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Presentation on theme: "Click your mouse anywhere on the screen to advance the text in each slide. After the starburst appears, click a blue triangle to move to the next slide."— Presentation transcript:
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Quote of the Day “If you can make one heap of all your winnings And risk it on one turn of pitch-and-toss, And lose, and start again at your beginnings And never breathe a word about your loss....” Rudyard Kipling, English novelist and poet, In the poem “If” (ends “you’ll be a man, my son.”)
Insurance Contract An insurance policy must meet all the common law requirements for a contract. Offer and Acceptance The purchase of a policy makes an offer by delivering an application and a premium to the insurer. It can be accepted by oral notice, by written notice, or by delivery of the policy. It also has a fourth option-a written binder, which is a temporary acceptance.
Insurable Interest An insurance contract is not valid unless the owner has an insurable interest in the subject matter of the policy. This means you must have some financial stake in the subject of the insurance policy. The insurable interest must exist at the time of loss, and cannot be for more than the amount of loss.
Insurers’ Rights Insurers have the right to void a policy if, during the application process, the insured makes a material misstatement or conceals a material fact. Insurers have the right to void a policy if the insured violates a warranty.
Co-Payments Deductibles Deductible provision that requires the insured to pay a certain amount of the claim herself. Co-insurance Co-insurance means that the insured must pay some percentage of the entire loss. Pro Rata Provisions A pro rata clause prevents an insured from collecting more than the actual damage suffered.
Taking on Rights and Duties Subrogation If an insurance company pays a claim, it is subrogated to the rights of the insured, meaning that the company acquires whatever rights the insured has against any third parties. Suretyship In suretyship, the insurance company succeeds to the obligations of the insured.
Bad Faith by the Insurer Insurance policies often contain a covenant of good faith and fair dealing, which may be violated by: Fraud Refusing to Pay a Valid Claim Wrongfully Refusing to Accept a Settlement Offer
Property Insurance Property insurance (also known as casualty insurance) typically does not cover: Earthquakes and floods (unless a special rider is added) Friendly fire (fire that stays where it is supposed to be) Employee theft or embezzlement Merchandise lost or damaged in transportation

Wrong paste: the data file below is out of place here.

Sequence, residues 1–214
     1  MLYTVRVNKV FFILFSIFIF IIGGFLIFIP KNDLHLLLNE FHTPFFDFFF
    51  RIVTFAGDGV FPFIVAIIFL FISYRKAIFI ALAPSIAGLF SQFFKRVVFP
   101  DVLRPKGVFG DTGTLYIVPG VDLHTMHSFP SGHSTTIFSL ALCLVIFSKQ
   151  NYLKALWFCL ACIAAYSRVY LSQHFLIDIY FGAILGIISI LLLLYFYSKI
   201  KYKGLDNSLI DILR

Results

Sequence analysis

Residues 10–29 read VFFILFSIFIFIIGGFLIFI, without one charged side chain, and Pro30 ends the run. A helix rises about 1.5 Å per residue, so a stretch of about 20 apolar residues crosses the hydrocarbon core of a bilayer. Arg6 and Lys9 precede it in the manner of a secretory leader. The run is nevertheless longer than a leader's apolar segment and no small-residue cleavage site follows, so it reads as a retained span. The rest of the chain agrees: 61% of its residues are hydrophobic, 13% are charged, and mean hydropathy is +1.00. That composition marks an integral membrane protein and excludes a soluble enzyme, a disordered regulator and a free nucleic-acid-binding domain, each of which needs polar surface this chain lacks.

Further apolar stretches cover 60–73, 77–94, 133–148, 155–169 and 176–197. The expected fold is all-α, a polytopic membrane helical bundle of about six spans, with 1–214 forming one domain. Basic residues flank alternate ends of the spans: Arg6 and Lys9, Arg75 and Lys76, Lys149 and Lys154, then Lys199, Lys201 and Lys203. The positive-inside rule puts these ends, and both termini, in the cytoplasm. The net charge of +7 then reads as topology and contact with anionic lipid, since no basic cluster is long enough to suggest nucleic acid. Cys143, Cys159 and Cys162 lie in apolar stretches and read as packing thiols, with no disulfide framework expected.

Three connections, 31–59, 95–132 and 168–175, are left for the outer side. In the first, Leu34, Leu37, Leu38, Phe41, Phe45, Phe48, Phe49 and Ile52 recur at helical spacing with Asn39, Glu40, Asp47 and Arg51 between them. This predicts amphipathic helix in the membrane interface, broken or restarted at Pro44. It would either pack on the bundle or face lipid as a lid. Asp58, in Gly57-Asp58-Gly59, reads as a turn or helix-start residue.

Life Insurance Term Insurance – simple, cheap; covers a particular time period Whole Life Insurance (straight life) – more expensive, but forces policyholder to save; part of premium goes into a savings, giving the policy cash value. Universal Life – a hybrid of term and whole life; premiums may be adjusted some.
Life Insurance (cont’d) Annuities are the reverse of life insurance-they make payments until death whereas life insurance pays after death. Accidental Death – policy may have a double indemnity clause, doubling the value of the policy if the death is accidental.
Health Insurance In a pay for service plan, the insurer pays for almost any treatment ordered by almost any doctor. In managed care plans, patient and doctor choice is limited, in order to limit costs.
Disability Insurance Disability insurance replaces the insured’s income if he becomes unable to work because of illness or injury.
Liability Insurance The purpose of liability insurance is to reimburse the insured for any liability she incurs by (accidentally) harming someone else. Liability insurance covers: Injuries sustained on the insured’s property Injuries to another’s property caused by the insured Professional malpractice Product liability
Automobile Insurance Collision – pays to repair or replace a car damaged in an accident. Comprehensive – covers fire, theft and vandalism. Liability – covers harm to other people or other property (usually required). Uninsured Motorist – covers the insured and all passengers who are injured by another driver who does not have insurance.
“Life is risky. Insurance provides a financial buffer against risk. But purchasing insurance without understanding its law creates its own risk.” “Life is risky. Insurance provides a financial buffer against risk. But purchasing insurance without understanding its law creates its own risk.”